The Cleveland Historical smart phone app and website features information about nearly 50 landmark properties in Shaker Heights. The Historic Building Cards database includes information gathered from over 10,000 index cards. The original cards were created for each new building in Shaker Heights, and typically include information such as the date the home was built, the names of the home's architect, builder, and original owner, and the estimated cost to build the home.
Learn more about both resources from the Historic Shaker website.
Children are not allowed to play or ride in the street unless it has been barricaded for a block party.
All bicycle operators and passengers over five years of age must wear properly sized ANSI or SNELL approved helmets with fastened chinstraps. Required equipment includes such things as properly colored reflectors and audible warning devices. (Section 381.07 of Codified Ordinances)
Residential garage sales should conform with these guidelines from the City's zoning code:
For additional information, call the Planning Department at 491-1430. Please refer to the Zoning Code for full ordinance requirements.
Such a vehicle may be parked in a driveway for no more than 15 days. Thereafter, any non-functioning vehicle must be stored out of sight in a garage or other enclosed building. (See Sections 1151.16, 1151.17, and 1251.08 of Coded Ordinances)
Grass over six inches tall is a violation of the Housing Code and is classified as a nuisance. The City may issue a notice once in a growing season to the owner of a property that any violations of the ordinance may result in the City cutting the grass and sending the owner an invoice for the City’s cost, which will be, at minimum, $100. If the invoice is not paid, the amount is placed on the property taxes for that owner. (See Sections 1412.03 and 1411.25, and Chapter 107 of Codified Ordinances)
Access them at Codified Ordinances.
Violations of certain City laws (i.e., ordinances) at a residential property, or within 300 feet of the property, may be declared nuisances if they are engaged in by the owner, any occupant, or any guest of the owner or any occupant. If the police find that two or more violations occur within an 18-month period, the owner may be sent a notice declaring the property a “nuisance,” and then after a third violation, the police may send a notice and charge police response costs for the third and any subsequent violation within 18 months. (Chapter 109 of Codified Ordinances)
Note that Domestic violence is not considered a criminal activity nuisance for which the owner may be charged.
Yes, the owner may file an appeal with the Chief of Police for any notice sent under this law within 30 days of the date of the notice. If the Chief determines the facts do not support the declaration of nuisance, the Chief will rescind the notice. If the Chief finds that the facts do support the declaration, the Board of Appeals will hear the appeal. An appeal will not stop the City from taking enforcement action or pursuing criminal prosecution.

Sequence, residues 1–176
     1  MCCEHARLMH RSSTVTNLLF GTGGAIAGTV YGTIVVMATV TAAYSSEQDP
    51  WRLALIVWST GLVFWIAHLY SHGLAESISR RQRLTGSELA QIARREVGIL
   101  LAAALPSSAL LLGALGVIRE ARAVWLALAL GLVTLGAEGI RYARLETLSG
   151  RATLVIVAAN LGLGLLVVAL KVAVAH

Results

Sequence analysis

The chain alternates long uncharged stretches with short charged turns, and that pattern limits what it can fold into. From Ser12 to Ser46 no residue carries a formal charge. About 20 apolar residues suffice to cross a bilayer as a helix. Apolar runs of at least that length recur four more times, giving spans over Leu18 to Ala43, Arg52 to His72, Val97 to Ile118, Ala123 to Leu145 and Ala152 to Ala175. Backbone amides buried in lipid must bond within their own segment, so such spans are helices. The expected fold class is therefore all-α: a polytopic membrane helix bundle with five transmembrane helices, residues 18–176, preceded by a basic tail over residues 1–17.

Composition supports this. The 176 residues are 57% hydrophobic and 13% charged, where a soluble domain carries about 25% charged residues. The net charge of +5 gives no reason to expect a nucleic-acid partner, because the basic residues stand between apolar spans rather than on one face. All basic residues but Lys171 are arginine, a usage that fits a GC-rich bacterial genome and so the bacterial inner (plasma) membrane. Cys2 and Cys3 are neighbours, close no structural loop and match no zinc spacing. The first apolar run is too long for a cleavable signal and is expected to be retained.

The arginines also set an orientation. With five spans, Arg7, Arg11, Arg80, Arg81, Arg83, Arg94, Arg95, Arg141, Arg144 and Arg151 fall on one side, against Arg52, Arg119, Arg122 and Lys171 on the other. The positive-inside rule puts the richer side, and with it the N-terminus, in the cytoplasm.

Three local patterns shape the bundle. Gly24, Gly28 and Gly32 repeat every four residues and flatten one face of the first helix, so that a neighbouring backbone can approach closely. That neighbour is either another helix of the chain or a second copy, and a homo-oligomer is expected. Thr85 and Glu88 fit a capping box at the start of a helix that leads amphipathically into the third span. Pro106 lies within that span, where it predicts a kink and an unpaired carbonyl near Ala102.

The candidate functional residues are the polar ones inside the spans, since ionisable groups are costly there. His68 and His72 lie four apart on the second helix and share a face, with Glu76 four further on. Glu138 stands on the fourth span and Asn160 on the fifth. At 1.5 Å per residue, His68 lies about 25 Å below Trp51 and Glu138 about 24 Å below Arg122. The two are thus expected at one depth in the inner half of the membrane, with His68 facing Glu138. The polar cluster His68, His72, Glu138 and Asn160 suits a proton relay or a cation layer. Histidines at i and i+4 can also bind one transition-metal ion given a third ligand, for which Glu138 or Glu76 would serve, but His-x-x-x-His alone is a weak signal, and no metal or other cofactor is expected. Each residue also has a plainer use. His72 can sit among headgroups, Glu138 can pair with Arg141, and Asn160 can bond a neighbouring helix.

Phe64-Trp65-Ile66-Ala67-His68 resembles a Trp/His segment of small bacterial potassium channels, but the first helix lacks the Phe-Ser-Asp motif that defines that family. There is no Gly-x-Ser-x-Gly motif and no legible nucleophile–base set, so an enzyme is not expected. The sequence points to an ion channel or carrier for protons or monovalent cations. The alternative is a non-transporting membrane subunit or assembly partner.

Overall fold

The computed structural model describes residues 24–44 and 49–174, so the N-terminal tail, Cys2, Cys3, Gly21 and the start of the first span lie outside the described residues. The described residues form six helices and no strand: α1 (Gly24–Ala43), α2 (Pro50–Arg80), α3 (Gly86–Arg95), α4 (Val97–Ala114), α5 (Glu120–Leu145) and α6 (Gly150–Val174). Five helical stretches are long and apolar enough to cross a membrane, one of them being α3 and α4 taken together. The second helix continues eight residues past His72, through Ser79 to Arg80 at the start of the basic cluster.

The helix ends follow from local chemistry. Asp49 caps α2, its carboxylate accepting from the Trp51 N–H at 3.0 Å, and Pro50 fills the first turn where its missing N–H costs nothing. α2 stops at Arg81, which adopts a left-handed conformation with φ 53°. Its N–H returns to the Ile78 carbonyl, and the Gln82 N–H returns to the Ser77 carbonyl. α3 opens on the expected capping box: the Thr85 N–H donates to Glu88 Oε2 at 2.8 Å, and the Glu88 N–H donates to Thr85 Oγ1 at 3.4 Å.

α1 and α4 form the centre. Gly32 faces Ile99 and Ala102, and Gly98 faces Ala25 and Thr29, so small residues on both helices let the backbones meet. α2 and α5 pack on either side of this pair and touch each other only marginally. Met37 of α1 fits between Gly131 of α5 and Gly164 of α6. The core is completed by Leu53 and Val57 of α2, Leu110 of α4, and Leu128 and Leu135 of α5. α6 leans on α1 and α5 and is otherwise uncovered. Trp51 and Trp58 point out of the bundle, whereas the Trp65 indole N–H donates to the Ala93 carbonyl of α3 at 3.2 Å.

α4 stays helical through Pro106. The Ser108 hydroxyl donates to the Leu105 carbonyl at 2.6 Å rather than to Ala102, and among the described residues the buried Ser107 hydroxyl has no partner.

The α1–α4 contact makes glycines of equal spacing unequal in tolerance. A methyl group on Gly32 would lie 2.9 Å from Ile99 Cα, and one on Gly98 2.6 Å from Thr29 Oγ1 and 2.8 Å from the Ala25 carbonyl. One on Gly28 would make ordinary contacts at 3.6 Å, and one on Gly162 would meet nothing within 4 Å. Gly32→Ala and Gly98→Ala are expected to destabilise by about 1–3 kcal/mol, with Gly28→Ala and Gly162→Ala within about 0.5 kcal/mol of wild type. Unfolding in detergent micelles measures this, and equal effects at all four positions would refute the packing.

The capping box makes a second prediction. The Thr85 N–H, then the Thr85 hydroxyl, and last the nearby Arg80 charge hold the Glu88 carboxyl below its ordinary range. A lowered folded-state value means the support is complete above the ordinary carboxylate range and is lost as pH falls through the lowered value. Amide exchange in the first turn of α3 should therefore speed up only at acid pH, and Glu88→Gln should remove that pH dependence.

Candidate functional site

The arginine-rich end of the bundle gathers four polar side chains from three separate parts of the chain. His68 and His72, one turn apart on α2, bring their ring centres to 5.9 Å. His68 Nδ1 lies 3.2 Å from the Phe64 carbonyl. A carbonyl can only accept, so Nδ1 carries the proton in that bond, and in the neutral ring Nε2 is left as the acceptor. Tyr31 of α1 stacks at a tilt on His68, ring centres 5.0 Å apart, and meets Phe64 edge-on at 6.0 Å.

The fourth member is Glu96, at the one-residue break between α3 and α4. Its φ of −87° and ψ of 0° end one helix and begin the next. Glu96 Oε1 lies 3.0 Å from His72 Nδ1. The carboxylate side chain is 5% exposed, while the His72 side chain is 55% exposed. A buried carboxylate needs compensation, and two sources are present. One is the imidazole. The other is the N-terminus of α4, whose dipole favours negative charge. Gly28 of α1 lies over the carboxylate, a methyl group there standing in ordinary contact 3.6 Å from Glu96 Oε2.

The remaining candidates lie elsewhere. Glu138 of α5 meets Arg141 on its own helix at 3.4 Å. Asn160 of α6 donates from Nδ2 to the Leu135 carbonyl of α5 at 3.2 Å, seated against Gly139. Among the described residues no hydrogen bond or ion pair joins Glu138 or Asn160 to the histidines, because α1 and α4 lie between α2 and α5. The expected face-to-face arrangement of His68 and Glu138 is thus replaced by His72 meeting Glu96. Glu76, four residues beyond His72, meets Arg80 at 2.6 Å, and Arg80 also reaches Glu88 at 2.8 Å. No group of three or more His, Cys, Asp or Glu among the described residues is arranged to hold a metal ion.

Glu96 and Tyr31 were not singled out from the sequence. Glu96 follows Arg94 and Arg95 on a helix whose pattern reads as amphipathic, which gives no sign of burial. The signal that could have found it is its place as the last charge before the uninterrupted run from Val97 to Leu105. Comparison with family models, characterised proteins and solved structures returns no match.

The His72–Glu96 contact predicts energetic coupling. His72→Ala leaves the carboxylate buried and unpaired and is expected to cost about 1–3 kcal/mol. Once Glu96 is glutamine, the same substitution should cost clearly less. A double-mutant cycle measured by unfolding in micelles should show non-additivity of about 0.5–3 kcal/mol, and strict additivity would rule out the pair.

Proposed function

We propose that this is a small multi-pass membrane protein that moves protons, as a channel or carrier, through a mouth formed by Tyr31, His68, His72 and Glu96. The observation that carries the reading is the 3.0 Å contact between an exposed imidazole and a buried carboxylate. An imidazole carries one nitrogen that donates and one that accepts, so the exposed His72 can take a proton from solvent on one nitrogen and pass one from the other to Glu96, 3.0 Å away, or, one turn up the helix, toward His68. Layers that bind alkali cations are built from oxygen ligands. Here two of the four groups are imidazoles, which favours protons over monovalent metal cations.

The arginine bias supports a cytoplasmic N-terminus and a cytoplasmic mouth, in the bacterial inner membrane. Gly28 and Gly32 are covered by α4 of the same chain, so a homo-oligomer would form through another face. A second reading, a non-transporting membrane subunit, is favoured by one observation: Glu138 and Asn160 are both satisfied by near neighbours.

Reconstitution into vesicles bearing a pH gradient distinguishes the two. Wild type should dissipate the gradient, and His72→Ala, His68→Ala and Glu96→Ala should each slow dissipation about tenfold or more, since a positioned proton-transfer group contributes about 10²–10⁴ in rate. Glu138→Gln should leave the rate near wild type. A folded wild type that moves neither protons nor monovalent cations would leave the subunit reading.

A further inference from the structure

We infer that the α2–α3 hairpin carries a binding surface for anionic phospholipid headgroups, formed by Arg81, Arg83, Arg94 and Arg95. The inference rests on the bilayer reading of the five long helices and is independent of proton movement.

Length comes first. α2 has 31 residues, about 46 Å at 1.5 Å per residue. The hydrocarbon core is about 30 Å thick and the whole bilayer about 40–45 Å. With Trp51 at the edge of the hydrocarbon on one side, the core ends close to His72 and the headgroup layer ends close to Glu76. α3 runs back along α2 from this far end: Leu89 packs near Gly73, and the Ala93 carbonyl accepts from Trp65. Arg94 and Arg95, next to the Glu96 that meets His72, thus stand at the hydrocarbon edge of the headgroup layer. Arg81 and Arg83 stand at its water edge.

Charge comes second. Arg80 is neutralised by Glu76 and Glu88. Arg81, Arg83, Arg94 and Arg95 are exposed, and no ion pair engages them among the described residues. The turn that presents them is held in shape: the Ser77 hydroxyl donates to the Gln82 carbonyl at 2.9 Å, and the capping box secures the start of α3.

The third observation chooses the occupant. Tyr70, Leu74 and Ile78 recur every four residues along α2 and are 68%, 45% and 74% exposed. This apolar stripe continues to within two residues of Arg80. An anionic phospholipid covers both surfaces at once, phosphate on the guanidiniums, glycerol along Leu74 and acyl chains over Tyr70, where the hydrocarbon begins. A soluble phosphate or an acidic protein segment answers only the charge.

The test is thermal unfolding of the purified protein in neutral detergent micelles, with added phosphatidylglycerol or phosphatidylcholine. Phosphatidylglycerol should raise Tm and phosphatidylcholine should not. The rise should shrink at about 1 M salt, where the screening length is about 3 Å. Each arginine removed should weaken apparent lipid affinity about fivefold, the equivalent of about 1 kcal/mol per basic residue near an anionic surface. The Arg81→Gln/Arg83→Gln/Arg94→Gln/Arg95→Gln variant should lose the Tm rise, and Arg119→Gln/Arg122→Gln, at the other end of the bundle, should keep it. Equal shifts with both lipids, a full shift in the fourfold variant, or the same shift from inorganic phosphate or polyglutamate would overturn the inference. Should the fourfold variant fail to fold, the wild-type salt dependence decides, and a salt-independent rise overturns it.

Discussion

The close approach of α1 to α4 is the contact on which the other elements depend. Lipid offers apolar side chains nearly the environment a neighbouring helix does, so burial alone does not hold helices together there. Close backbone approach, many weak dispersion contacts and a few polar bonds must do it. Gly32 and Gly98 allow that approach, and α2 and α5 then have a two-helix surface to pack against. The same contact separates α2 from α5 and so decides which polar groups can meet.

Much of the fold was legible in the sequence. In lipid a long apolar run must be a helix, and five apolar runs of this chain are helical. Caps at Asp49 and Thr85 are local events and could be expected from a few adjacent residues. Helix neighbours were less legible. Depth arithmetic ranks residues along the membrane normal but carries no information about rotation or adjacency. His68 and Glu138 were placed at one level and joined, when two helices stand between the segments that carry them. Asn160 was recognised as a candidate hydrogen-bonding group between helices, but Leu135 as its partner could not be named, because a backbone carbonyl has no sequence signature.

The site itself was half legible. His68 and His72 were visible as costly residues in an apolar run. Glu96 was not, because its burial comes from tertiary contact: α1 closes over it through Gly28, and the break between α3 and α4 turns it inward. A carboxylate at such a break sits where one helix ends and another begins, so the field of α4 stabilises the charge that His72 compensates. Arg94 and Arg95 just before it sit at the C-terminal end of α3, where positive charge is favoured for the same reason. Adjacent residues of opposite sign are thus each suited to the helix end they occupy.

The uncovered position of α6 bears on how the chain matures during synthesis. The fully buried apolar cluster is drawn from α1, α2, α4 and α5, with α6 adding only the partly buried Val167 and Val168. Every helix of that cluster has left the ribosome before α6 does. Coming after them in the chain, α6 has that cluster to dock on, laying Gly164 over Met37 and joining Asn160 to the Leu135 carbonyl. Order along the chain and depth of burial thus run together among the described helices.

On appeal, in order to overturn the nuisance declaration, the owner must show that:
The cost to owners is the hourly rate for each officer responding times 75% times number of hours.
No. Federal fair housing law and regulations prohibit a landlord from charging a double security deposit when a reasonable modification is made by a tenant. However, the tenant may have to bear the cost of any modifications. The tenant is responsible for restoring changes he or she made to the interior only if, upon termination, the changes would interfere with the use of the apartment by future tenants. The Ohio and Shaker Heights Fair Housing Acts have similar requirements.
You can contact the city’s Fair Housing office, and the city can undertake “testing” to find out if the landlord treats persons of other races differently.
Yes! The city’s fair housing law, as well as State and federal law apply, to all apartments - conventional or subsidized.
On a case-by-case basis, the business may require a conditional use permit, a variance or possibly rezoned. The Planning Department staff will assist you with this process. Zoning and land use questions should be directed to the Dan Feinstein in the Planning Department at 216-491-1435.
Yes. All permanent window, awning and wall signs need to be reviewed by the Architectural Review Board. Signage questions should be directed to the Dan Feinstein in the Planning Department at 216-491-1435.
Maybe. Licensing will depend on the specific food products you intend to sell and / or the square footage of the food display. Contact the Cuyahoga County Board of Health to discuss the specifics of your facility to determine the need for the license.
Yes! Consult our commercial properties list to find available properties or email or call the Economic Development Department at 216-491-1335.
There are three ways to sign up for any Recreation program, including camps.